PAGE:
God’s promise for today: (Psalm 34:15) “The eyes of the Lord are upon the righteous, and His ears are open unto their cry.”
What is hope? The Merriam-Webster Dictionary says it is: “desire accompanied by expectation of or belief in fulfillment.” Two biblical verses which, in my opinion, describe hope more clearly are found in the 15th Chapter of Romans where Paul wrote: “For everything that was written in the past was written to teach us, so that through the endurance taught in the Scriptures and the encouragement they provide we might have hope.” (vs. 4) Here we are reminded that the best resource for providing people with hope is the Word of God itself. Further down in verse 13, Paul wrote: “May the God of hope fill you with all joy and peace as you trust in Him, so that you may overflow with hope by the power of the Holy Spirit.” This verse is clearer still. It says that God is the God of hope. The closer people are to God, the more hope they will have in their lives. I was thinking of this recently when I was speaking to my sister. She is not my oldest sister but she is 90 years old. She was sharing that lately she has struggled getting some sleep at night due to pain in her legs. I told her that she could call me on one of these nights when the pain doesn’t let her sleep. I told her I would pray with her. “If nothing else”, I said, “You’ll have someone to talk to in the middle of the night.” She replied: “Really, would you do that for me?” I said “of course.” She then said: “Well, that certainly gives me a lot of hope.” Upon hearing this, two thoughts came to my mind. First, I thought “Why should that be such a big deal? After all, that’s what I do.” Like many of you, I love my job, for lack of a better way of putting it. Those who love their job sometimes feel slightly guilty for getting paid to do something they would probably do for free. If it’s not that way with you, I pray one day you’ll have that kind of job. My second thought was that all of us have been called to try to give or convey hope to others, especially our family and friends. The best way to accomplish that goal is by sharing Christ with others. Colossians 1:27 says that “God willed to make known what are the riches of the glory of this mystery among the Gentiles: which is Christ in you, the hope of glory.” When we share Christ with others, we are giving them hope and this one thing is true: we all need more hope in our lives.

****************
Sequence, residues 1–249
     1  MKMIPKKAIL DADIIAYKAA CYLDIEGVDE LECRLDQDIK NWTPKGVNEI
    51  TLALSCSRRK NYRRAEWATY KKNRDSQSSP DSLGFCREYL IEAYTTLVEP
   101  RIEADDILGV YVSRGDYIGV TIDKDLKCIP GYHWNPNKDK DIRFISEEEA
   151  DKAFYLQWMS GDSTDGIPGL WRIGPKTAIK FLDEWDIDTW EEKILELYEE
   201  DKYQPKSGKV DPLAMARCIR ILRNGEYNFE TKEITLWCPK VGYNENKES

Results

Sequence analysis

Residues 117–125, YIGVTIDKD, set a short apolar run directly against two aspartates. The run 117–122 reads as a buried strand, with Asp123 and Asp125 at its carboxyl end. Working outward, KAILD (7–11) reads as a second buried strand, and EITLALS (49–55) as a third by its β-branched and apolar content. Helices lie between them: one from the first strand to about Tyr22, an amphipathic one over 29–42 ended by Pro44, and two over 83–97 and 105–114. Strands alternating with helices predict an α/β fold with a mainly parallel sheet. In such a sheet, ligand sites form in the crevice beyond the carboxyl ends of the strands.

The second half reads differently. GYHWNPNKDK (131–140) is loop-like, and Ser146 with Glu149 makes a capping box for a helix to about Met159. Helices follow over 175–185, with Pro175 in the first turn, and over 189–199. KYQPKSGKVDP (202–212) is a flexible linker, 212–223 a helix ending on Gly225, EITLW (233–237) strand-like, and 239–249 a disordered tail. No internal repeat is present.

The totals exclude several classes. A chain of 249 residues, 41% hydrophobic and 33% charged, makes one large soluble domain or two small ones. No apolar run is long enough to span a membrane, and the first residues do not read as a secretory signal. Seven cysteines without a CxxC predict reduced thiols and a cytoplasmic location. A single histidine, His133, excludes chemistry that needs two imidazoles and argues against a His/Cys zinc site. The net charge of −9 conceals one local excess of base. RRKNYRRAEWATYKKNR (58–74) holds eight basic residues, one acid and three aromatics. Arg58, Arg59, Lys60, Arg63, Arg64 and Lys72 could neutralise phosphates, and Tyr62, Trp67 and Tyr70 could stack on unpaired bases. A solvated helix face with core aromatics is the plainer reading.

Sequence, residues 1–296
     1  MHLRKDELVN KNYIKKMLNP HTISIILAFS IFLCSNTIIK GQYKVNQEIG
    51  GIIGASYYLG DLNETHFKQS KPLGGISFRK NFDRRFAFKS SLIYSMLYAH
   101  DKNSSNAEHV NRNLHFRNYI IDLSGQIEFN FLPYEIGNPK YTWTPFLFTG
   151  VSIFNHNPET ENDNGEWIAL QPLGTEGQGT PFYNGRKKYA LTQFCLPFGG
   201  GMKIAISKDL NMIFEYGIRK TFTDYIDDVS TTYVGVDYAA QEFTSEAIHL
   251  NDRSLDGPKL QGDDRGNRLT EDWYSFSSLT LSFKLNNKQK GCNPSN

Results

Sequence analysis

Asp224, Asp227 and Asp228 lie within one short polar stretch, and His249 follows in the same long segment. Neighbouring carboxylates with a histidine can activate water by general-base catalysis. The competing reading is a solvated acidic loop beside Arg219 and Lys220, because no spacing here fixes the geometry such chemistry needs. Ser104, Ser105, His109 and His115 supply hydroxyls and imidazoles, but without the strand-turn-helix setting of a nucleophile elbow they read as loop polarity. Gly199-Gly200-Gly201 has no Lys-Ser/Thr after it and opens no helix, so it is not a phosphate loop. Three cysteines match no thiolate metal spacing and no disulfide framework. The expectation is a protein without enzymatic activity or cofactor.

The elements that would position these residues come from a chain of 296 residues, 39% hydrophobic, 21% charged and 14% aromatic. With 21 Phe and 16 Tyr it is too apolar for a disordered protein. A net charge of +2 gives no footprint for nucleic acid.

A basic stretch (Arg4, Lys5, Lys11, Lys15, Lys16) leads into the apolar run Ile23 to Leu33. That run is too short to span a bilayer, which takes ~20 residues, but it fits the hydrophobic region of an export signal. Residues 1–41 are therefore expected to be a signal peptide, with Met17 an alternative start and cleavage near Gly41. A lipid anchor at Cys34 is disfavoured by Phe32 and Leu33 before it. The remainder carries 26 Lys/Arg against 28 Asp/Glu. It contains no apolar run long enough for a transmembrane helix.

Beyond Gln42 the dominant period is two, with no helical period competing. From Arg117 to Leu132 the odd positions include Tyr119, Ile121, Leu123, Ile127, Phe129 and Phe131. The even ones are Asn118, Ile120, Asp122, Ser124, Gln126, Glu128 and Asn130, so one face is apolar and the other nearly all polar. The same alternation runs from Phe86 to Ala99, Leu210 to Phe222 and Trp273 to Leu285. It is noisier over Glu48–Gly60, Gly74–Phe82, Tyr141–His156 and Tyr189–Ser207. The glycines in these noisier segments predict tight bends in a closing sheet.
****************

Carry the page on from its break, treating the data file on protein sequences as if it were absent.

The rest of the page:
God’s word for today: (Psalm 146:5) “Blessed are those whose help is the God of Jacob, whose hope is in the Lord their God.”